An immolated and heavily damaged Pratt & Whitney PW4000 hanging precariously from the wing of a United Airlines Boeing 777 is an unambiguously evocative sight. It instantly grabs the attention and amplifies a natural emotional response, one built from our animal instinct for survival and also the memory of experience.
What manifests in the case of United flight 328 and its dramatic turn back over suburban Denver on Saturday is first, demonstrable evidence of what happens when good systems are in place when bad things happen. When the 777 adopted fly-by-wire technology and new expectations of reliability and redundancy to operate flights hours away from suitable diversion airports, it made possible a multi-layer safety net for United 328 and its crew to have both time and options to return safely to the ground.
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Yet, this safety crisis, the first since the 20-month long grounding of another Boeing airplane, cannot be viewed in isolation. The legacy of the 737 Max remains a persistent shadow over aviation safety and global regulatory relations. “In a post-737 Max world, I was surprised at how quickly the [FAA] Administrator [Steve Dickson] grounded the airplanes,” said Jeff Guzzetti, former head of accident investigation for the FAA and now an independent safety consultant. “The old FAA would not have been that quick on the draw.”
It’s been just over three months since the 737 Max was cleared by the FAA to return to flying passengers after a 20-month grounding by global regulators, following two fatal crashes in 2018 and 2019. The aircraft is gradually returning to service around the world as individual regulators evaluate the changes made to the aircraft and crew training, but the heavy impact of aviation’s most acute contemporary crisis is only just beginning to be felt on industrial relationships.
The FAA’s emergency order on the 777 came three days after the initial incident. Released late Tuesday, the regulator spelled out an immediate inspection requirement before further flight for every PW4000 fan blade for 777s. The pace of those examinations is expected to be slow, paced by the limited global capacity of thermal acoustic imaging testing. “The fleet will be grounded for months,” according to an industry official familiar with the regulator’s plans that will see airplanes coming back into service gradually as inspections are completed.
Of the 1,600 777s delivered since 1995, the PW4000 represents a tiny portion. Only about half of the 128 777-200 and 777-200ERs powered by Pratt’s PW4000 are in operation as twin-aisle flying has been decimated by the COVID-19 pandemic. The last Pratt-powered 777 was delivered to Asiana Airlines in the summer of 2013 and the engine maker no longer has active manufacturing operations for the enormous 112-inch model of the engine or its fan blades.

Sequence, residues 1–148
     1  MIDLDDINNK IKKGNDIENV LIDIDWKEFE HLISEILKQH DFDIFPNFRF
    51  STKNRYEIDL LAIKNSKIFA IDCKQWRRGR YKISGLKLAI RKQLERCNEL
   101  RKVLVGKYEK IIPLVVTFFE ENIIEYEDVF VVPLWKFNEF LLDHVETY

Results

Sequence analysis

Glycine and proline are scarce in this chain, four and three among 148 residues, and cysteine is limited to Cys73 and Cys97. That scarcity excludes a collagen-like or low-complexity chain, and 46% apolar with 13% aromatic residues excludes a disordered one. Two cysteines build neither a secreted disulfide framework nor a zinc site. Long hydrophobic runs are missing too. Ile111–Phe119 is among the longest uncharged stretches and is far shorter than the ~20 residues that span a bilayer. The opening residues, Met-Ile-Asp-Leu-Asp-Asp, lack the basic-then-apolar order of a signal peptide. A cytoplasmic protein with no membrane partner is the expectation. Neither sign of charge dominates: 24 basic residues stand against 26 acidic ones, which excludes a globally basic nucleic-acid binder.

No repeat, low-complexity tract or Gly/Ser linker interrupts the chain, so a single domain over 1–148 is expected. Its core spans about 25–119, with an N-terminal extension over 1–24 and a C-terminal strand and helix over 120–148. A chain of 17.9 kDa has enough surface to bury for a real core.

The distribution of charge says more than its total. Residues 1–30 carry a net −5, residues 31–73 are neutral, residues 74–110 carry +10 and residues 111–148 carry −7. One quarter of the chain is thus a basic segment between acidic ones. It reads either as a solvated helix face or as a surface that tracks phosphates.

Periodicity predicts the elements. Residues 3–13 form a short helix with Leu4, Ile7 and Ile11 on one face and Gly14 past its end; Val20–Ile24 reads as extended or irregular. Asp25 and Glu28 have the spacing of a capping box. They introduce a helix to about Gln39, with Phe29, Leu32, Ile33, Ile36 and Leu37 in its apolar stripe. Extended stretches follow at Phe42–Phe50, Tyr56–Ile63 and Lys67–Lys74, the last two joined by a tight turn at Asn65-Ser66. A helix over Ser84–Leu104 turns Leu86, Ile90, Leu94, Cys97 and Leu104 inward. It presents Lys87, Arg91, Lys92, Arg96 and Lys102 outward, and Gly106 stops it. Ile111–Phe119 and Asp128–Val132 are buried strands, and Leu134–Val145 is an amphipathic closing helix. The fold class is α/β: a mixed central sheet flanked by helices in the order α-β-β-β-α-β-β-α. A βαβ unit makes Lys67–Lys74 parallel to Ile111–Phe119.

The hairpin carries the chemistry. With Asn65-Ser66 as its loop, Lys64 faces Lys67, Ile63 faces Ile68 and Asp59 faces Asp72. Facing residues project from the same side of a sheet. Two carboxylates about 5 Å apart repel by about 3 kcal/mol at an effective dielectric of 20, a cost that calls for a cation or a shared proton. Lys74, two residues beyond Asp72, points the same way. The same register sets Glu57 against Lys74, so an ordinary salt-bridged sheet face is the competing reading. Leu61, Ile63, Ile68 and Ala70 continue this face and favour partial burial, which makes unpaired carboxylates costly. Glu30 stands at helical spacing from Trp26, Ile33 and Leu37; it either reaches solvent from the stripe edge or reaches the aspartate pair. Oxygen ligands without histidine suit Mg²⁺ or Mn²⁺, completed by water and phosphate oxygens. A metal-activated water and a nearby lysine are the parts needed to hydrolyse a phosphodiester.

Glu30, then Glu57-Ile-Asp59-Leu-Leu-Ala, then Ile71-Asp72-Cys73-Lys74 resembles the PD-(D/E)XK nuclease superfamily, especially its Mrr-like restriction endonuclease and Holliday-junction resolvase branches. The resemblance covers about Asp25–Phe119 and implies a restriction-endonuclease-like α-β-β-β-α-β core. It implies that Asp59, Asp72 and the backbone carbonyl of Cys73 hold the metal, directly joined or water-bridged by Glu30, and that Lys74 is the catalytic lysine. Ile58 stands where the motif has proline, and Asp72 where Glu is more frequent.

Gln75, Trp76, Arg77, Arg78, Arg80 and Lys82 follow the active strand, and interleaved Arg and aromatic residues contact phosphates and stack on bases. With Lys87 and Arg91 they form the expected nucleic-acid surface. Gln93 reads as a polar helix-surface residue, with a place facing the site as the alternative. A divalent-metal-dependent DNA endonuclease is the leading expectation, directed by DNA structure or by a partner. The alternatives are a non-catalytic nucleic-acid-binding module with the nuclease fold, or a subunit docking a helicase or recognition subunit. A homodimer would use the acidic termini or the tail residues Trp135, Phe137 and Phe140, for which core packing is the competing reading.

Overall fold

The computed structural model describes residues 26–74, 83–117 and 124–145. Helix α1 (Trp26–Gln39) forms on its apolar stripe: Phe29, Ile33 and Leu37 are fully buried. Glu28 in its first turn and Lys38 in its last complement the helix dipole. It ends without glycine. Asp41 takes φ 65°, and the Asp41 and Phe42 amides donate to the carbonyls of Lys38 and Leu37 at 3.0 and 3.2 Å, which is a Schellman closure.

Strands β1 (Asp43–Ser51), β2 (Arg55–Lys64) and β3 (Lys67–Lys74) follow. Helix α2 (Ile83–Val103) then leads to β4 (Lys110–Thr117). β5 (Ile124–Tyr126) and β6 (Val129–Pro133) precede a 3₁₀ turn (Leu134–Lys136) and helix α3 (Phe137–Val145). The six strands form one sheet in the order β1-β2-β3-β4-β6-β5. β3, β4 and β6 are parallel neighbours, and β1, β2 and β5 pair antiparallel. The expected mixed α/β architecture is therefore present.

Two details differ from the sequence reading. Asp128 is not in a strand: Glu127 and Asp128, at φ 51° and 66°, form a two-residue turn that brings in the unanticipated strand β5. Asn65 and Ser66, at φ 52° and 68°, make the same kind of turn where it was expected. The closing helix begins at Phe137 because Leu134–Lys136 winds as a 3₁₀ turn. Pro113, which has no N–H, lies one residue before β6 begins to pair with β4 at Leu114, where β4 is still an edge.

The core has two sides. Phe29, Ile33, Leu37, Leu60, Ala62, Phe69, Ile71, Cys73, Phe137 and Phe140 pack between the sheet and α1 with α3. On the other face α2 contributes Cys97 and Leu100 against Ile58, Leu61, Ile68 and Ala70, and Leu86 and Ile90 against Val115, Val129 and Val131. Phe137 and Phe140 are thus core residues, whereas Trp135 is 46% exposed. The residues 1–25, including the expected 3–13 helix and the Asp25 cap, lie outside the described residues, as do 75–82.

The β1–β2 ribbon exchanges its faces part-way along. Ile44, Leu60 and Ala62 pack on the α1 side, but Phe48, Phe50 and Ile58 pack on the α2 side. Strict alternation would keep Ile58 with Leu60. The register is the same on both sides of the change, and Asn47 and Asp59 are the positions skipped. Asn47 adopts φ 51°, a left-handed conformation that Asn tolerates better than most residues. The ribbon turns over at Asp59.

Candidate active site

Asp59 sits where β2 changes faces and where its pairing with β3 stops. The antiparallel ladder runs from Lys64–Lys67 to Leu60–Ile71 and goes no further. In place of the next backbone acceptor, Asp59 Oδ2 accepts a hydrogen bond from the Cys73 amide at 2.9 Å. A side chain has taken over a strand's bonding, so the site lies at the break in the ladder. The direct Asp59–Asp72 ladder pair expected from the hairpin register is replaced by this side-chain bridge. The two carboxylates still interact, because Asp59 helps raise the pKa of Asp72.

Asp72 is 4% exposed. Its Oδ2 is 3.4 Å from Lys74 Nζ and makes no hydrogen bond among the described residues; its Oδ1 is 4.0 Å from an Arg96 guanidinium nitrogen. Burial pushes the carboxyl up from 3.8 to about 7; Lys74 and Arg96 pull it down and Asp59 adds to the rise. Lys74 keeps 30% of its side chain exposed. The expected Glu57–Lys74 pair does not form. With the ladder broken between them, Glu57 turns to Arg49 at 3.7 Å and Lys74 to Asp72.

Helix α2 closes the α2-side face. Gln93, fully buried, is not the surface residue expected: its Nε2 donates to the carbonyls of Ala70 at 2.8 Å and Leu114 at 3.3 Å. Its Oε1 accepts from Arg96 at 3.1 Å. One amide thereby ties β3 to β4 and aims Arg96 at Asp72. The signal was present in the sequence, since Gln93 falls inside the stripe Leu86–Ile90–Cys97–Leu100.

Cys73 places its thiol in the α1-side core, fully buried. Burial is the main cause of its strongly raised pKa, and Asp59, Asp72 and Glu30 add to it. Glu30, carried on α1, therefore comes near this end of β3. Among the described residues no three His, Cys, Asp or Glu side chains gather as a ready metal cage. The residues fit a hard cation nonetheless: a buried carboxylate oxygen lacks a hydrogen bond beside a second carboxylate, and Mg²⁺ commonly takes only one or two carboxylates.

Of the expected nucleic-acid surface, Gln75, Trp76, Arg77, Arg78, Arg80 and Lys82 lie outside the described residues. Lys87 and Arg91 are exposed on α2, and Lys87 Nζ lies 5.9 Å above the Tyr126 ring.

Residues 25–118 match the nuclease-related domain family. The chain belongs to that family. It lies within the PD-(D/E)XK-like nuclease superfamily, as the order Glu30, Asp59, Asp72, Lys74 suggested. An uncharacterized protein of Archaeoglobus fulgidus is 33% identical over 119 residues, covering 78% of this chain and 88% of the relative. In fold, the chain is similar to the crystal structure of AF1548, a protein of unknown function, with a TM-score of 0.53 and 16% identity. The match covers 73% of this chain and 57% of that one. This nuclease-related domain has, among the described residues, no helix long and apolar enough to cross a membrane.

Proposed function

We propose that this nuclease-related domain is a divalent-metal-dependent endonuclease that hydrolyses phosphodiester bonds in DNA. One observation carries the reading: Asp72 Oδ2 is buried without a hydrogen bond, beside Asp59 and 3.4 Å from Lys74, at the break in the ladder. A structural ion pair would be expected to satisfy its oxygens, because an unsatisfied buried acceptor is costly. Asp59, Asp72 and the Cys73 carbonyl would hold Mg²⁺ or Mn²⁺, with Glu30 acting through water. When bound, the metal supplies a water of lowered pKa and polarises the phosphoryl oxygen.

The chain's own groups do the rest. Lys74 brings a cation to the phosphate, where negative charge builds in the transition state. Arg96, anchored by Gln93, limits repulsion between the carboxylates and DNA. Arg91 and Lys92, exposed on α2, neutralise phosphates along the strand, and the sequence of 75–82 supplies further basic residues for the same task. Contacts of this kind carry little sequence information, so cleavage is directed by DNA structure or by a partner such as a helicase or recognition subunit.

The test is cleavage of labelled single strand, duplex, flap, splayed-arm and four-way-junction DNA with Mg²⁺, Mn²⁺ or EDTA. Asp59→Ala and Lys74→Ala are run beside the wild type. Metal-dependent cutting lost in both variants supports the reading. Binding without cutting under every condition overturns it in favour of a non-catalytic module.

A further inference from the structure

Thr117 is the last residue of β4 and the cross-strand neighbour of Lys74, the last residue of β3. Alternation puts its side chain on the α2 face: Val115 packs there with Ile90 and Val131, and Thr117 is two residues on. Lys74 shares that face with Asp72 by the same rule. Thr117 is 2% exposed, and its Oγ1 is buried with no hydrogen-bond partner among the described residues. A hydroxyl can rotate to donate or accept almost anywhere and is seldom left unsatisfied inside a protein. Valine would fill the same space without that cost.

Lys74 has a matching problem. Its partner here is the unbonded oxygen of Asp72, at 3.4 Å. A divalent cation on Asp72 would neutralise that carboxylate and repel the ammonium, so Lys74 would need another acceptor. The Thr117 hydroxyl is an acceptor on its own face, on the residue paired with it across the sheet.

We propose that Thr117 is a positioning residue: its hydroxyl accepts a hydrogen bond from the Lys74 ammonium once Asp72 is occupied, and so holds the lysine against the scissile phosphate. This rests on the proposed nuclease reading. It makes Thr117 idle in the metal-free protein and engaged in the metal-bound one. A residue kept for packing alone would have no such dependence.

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Because the blades have a hollow titanium design, traditional borescope inspection of these fan blades is not an option. Further complicating matters, the inspections require the use of global capacity of thermal acoustic imaging (TAI), the availability of which is extremely limited. Fan blades will be removed from each engine and sent to Pratt & Whitney in Connecticut for evaluation, according to the engine maker.
The inspections take roughly eight hours per 40.5-inch long blade, according to Dickson. A person familiar with the inspections said that the company currently can process about 12 engines worth of blades each month. Each engine has 22 blades.
Throughout Tuesday, the inspection interval under consideration was a moving target, according to two people familiar with the regulatory deliberations. FAA had been considering allowing the aircraft to continue to fly with inspections on the blades within 1,000 cycles, but later Tuesday the FAA eventually settled on the most conservative path requiring the inspections of all fan blades before they would be allowed to resume flying.
“Based on the initial results as we receive them, as well as other data gained from the ongoing investigation, the FAA may revise this directive to set a new interval for this inspection or subsequent ones,” said the U.S. aviation regulator.
While the grounding of the Pratt-powered 777’s draws Boeing back into another safety crisis, responsibility for the engine ultimately lies with its manufacturer. NTSB chairman Robert Sumwalt said in a Monday evening briefing with the media that the initial inspection of the accident engine is “consistent with metal fatigue” on the blade that initiated the failure. The remaining fragments that the NTSB had recovered from the engine were being sent to Pratt facilities in Connecticut.
However, Boeing is not expected to escape scrutiny by the NTSB’s chair, who said the disintegrated structure around the engine is an area of inquiry. “We don’t expect a cowling to separate like that. We want to understand that.” said Sumwalt.
The Air Current has confirmed that a new nacelle design had been planned by Boeing and shared with the FAA for PW4000-powered 777s, but not yet implemented nor formally mandated by the FAA. The Wall Street Journal reported earlier Thursday that Boeing had been planning a modification as a result of structural and moisture concerns.